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Consumer Panel member wants FCA fines to fund national advice service

A member of the Financial Services Consumer Panel has argued money collected through FCA fines should be used to fund a national advice network to help bridge the post-RDR advice gap.

Speaking to Money Marketing, Consumer Panel member Teresa Fritz cites the not-for-profit organisation The Pensions Advisory Service as a good example of the kind of guidance service which could be “upscaled” to provide generic information for people who cannot afford advice.

Fritz, who has worked for over 35 years in financial services, including as a principal researcher for consumer organisation Which?, says: “One idea could be funding a service like that through the fines the FCA makes on companies. If you think about how much the FCA collects in fines every year from the industry, why can’t they go into funding a national advice network?”

Fritz argues that funding from FCA fines could build a quality guidance service, potentially as an additional layer of the Money Advice Service.

Fritz adds: “[This kind of service] could get people up to a point where they understand what product they have to buy, and explains they now need to speak to an adviser to see which provider to buy from.

“That information would then ideally be passed to an adviser of the consumer’s choice, who has even less to do because they are getting an educated and empowered consumer, as well as a fact find. Advisers can then take them on the last bit of the journey at a very low cost.  That is the ideal picture.”

Hudson Green & Associates principal Ian Hudson says: “It would be nice to see fines used to drive value for the consumer to help get them further down the advice process at a cheaper cost.”


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There are 24 comments at the moment, we would love to hear your opinion too.

  1. Why not try a different tack instead of imposing more costs on financial services and bureaucracy – why not try cutting the level of administration and costs in an attempt to attract new financial advisers into the industry.

    The reasons why there is an advice gap is that the number of financial advisers authorised to give advice has fallen off a cliff.

    Simply increasing the size of industry funded quangos providing poor levels of advice is not the answer. The entities in place to provide high quality advice already in place, it is the individuals who need the advice who do not necessarily have the funds to do so – maybe some form of financial advice aid just like legal aid is required.

  2. I agree with what Peter Herd has said, and I would also like to know a bit more about Teresa Fritz’ qualifications and experience of financial services. I do ot regard working for the consumer panel or ‘Which’ as real experience in financial services. She may have good experience but I would like to have known what it was.

  3. How about funding the FCA/FSCS AND FOS via these fines. This will reduce the costs to industry and our regulatory requirements in terms of proper and useful RWL that actually mean something to clients, not maintaining the rain forrest of paper that is needlessly required under current system. Never mind funding yet more “advice centres”. Isnt it amazing how every one and their dog wants a pience of us?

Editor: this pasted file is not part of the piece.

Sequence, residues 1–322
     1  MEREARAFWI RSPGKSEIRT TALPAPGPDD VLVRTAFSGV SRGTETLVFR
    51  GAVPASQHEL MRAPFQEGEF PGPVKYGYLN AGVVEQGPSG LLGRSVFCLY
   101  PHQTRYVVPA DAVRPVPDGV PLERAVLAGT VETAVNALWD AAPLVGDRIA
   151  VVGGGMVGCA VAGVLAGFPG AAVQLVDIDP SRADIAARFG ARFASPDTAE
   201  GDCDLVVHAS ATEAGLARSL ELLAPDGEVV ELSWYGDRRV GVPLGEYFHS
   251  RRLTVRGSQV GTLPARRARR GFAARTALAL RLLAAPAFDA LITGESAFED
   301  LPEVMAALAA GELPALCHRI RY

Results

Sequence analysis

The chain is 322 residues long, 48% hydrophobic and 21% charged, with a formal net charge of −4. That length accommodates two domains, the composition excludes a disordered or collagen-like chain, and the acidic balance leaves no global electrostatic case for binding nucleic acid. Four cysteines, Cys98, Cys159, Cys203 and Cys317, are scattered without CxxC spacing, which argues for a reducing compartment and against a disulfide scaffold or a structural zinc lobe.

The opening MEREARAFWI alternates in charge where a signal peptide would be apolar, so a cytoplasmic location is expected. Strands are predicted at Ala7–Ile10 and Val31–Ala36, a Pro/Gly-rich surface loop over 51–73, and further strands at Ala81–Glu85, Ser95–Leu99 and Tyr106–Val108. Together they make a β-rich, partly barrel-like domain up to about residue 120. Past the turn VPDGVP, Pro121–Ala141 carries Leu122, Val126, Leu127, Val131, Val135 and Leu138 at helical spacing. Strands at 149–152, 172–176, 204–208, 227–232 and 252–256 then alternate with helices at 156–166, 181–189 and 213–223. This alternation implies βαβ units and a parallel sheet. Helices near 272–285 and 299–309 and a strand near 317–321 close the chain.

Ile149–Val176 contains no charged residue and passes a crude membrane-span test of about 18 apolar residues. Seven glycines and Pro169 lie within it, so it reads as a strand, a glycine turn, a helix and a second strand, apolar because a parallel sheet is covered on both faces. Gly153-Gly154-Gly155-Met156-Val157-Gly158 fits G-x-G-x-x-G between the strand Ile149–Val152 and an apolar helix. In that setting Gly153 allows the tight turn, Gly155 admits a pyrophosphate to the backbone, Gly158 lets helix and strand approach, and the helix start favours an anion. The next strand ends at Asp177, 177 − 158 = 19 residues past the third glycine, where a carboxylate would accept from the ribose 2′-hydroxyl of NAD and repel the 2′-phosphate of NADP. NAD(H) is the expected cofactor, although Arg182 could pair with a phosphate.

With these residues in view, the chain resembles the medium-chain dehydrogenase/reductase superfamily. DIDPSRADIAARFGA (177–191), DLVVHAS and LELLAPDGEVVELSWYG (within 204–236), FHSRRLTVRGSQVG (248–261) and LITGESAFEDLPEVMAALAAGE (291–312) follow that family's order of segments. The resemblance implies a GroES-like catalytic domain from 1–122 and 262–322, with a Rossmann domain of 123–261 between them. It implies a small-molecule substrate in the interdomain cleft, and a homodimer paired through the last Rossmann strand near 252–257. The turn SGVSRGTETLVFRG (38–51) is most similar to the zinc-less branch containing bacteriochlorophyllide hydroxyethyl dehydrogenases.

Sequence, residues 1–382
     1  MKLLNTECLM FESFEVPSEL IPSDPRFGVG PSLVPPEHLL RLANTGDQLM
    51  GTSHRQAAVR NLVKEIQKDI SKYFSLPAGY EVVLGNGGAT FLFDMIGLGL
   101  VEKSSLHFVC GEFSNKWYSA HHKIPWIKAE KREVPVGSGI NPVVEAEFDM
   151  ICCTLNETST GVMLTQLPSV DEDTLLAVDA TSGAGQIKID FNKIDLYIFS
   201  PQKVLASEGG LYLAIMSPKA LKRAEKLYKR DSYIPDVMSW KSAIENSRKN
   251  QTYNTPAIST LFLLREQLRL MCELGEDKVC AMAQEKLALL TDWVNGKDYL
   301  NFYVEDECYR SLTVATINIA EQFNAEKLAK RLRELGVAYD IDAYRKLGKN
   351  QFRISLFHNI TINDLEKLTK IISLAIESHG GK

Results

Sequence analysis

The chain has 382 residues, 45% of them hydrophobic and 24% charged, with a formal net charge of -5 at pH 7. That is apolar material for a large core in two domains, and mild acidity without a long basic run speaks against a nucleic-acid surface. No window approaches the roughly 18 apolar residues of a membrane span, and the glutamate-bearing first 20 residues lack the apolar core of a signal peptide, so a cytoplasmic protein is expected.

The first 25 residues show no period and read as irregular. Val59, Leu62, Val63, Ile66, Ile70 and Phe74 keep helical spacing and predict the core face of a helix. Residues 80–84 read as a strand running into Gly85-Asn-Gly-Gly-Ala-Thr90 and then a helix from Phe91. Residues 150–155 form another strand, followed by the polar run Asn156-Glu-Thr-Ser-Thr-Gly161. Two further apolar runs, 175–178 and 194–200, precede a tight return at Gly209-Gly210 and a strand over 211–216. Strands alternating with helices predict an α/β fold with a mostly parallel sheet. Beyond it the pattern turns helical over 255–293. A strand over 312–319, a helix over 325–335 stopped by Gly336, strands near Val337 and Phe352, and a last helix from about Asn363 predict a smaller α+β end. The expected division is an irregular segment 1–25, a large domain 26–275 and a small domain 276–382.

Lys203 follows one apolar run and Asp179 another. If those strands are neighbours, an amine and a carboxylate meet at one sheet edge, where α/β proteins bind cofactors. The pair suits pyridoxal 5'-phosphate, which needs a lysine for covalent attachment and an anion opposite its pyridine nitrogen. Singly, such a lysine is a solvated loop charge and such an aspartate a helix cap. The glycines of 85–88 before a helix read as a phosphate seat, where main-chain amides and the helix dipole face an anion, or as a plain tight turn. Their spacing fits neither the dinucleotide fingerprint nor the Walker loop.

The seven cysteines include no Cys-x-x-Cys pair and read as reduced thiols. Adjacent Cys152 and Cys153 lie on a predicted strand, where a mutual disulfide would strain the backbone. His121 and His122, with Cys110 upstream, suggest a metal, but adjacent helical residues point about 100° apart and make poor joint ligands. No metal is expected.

4. Probably in a minority of one, but I take the view this would represent a positive step.

  5. ….but I think someone has already earmarked the fines income to pay for his failed economic policies.
    Ms Fritz’s idea is sound , though I’d perfer it to go further and provide proper full advice do that the Regulator can continue Sir Hector’s crusade to rid the world of IFAs in private practice, come to think of it couldn’t any money left over be used to employ more supervisors in the Small Firms division of the FCA? Or a few extra policy folk to devise some more regulatory returns?

  6. Firstly, what is MAS for? If not this, then it is a pointless organisation! (I know many of you think it already is). So why would another organisation (with attendant costs) be required? Unless of course Ms Fritz fancies getting herself on that as well for some more pocket money.

    Secondly. being a “principal researcher” for Which does not make her any kind of expert.

    How would PI Insurers and FCA view an adviser just recommending a company based on a fact find done by some one else, who’s qualifications and liability for that advice/guidance would be what?

    How would a client use “an adviser of their choice?” They would use this service because they don’t have an adviser how would they then get one? Would it be recommende by this service? WOuld large nationals then get all the benefit?

    As usual a soundbite with no understanding of how it works and no thought. She would do well as pensions minister!

  7. The whole fines system is just tax by the back door.

    Large fines are paid by shareholders not the miscreants themselves. Until fines are the personal and uninsured responsibility of those who materially breach compliance rules the wrongful activities demanding those fines will continue. At the moment there are profits and bonuses if dodgy practices pay off with no personal downside if they don’t.

    Oh – unless of course you are an IFA…

  8. Basically flawed, just imagine the utopian dream when, in any year the FCA didn’t fine anyone,or fines were at a low figure who pays then? Fluctuated income can’t sustain a quango ( unless of course your the FCA in which case you do as you damn well please and charge regardless)

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